Disgorgement and the impact of the Fifth Amendment are issues which reoccur in SEC enforcement actions. Circuit Judge Loken, in an opinion concurring in part and dissenting in part, from an order affirming a grant of summary judgment in a Commission enforcement action provides a thoughtful discussion specific of aspects of each issue. SEC v. Brown, Case no. 10-2479 (8th Cir. Oct. 13, 2011).

The case centers on an investment fund fraud. Defendant Sherwin Brown is the president and controlling shareholder of Jamerica Financial, Inc. The firm is a registered investment adviser which had under management $1.62 million from 53 clients. The funds were invested in Brawta Ventures, LLC, a private investment fund organized by defendant Brown.

The SEC’s complaint against Sherwin Brown and both entities alleged violations of Securities Act Section 17(a), Exchange Act Section 10(b) and Advisers Act Sections 204 and 206(1) and (2). It claims misrepresentations were made and that investor funds were pocketed by defendant Brown. An emergency freeze order was entered followed by a preliminary injunction.

Subsequently, a Chapter 7 proceeding was initiated by Mr. Brown. A receiver was appointed to represent Brawta and its investors. That receiver filed an adversary proceeding for the benefit of the investors. The bankruptcy court granted summary judgment in favor of the receiver and the investors.

The district court granted summary judgment in favor of the SEC in its action. In granting summary judgment the court disregarded the interrogatory answers of defendant Brown offered in opposition because Mr. Brown had invoked the Fifth Amendment precluding the SEC from taking his deposition. The court also entered a permanent injunction against Sherwin Brown and directed the payment of $869,633 as disgorgement along with prejudgment interest as requested by the SEC.

The Eight Circuit affirmed in a per curiam opinion. The court found that the district court’s adoption of the magistrate’s report on disgorgement was appropriate and that the grant of summary judgment was supported by the record.

Circuit Judge Loken concurred in affirming the grant of summary judgment but dissented from the decision to affirm the disgorgement order. First, there is no doubt that the court has broad jurisdiction under the securities laws to order the disgorgement of any ill-gotten profits. Its “purposes are to provide a remedy for fraud victims and to deprive the defendant of unjust enrichment, not to punish . . .” the Judge noted.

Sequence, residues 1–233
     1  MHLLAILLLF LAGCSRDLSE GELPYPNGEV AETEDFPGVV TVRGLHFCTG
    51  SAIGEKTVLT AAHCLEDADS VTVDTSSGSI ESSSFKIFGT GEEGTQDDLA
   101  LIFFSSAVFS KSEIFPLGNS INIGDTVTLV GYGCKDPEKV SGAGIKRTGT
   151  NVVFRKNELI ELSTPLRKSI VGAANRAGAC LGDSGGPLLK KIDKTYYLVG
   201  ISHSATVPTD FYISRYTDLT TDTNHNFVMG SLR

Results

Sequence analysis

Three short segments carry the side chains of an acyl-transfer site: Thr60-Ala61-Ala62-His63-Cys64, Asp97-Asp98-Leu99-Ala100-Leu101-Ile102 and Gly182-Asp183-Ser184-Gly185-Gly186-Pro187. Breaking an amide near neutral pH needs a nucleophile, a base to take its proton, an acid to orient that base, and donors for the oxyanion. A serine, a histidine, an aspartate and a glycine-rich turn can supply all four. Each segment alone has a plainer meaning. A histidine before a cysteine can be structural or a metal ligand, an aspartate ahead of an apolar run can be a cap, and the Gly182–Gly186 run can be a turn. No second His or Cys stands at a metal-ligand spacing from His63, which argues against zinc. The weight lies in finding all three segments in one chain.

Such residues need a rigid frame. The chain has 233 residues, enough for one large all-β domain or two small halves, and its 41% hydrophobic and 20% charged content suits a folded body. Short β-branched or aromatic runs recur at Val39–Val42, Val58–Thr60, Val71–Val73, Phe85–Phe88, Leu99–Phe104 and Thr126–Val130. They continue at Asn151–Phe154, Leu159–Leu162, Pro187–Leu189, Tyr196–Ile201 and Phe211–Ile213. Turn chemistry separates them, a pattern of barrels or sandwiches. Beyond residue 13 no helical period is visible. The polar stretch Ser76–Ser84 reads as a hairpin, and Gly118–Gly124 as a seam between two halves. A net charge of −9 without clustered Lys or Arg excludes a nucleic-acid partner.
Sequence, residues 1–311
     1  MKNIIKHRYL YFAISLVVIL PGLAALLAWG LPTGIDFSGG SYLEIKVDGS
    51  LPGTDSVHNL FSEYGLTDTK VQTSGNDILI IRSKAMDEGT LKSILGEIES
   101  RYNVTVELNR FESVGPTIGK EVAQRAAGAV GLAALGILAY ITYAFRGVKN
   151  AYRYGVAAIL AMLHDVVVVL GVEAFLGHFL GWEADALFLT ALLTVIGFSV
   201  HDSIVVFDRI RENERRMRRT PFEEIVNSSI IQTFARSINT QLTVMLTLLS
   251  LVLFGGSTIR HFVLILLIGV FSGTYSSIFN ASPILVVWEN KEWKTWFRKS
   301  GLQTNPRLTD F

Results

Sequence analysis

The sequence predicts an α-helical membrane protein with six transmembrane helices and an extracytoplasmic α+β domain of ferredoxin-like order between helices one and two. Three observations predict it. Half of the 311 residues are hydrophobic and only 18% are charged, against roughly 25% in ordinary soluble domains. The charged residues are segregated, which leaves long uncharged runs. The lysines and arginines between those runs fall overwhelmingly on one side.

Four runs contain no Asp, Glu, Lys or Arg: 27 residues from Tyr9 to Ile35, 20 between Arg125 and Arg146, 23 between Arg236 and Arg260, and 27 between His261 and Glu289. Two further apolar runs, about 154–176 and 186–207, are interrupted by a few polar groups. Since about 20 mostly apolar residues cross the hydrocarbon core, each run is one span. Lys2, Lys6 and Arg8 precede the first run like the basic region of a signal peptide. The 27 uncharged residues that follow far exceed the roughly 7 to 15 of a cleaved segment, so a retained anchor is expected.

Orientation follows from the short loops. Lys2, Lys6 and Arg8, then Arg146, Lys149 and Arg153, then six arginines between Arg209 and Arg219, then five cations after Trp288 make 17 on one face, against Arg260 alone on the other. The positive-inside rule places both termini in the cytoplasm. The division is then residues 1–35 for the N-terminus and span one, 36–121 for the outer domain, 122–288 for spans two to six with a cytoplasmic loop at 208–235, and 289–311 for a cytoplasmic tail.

In this case defendant Brown diverted the amount of investor funds claimed by the SEC. The question is what remedy is proper. Equitable remedies should only issue “upon a concrete showing of need and should impose the least drastic remedy necessary to achieve the desired goals.” Here the district court did not consider the fact that a freeze order was entered, amounts recovered by the receiver or if amounts attributable to legitimate investment activities should offset the amount disgorged. The court also failed to consider if the remedy would interfere with the efforts of the victims’ to recover their losses. Rather, the district court simply accepted the SEC’s request. “On this record, the only apparent rationale for the SEC’s disgorgement request was punitive, not remedial.” Accordingly, it was an abuse of discretion to grant the Commission’s request.

Judge Loken also concluded that disregarding defendant Brown’s interrogatory answers was error although on the record here it was harmless. Here the U.S. Attorney notified defense counsel that Brown was a target of a criminal investigation after the SEC case was filed and after the interrogatory answers had been served. The district court denied a defense motion to stay the civil case and then later disregarded the interrogatory answers. It was error to do both according to Judge Loken.

Precluding evidence is an extreme remedy. While an adverse inference can be drawn from invoking the Fifth Amendment in a civil case, since “the privilege . . . is constitutionally based, the detriment to the party asserting it should be no more than is necessary to prevent unfair and unnecessary prejudice to the other side” the Judge noted, quoting SEC v. Graystone Nash, Inc., 25 F. 3d 187, 192 93rd Cir. 1994). In situations such as this case where both civil and criminal actions can be brought, courts must give “special consideration . . . to the plight of the party . .. “ asserting it. The district court has an array of remedies which include a preclusion order, barring the use of the defendant’s testimony from the civil case in the criminal proceeding or staying the civil case. Here the district court failed to consider the options.

Finally, an analysis of the record shows little if any prejudice to the SEC in this case. The interrogatory responses were submitted prior to any assertion of the Fifth Amendment. There was no unfair surprise from them and little if any prejudice. This is not a case where the privilege was asserted to block the SEC from obtaining the evidence it required to prevail. Preclusion was thus an error but, on the record here, harmless.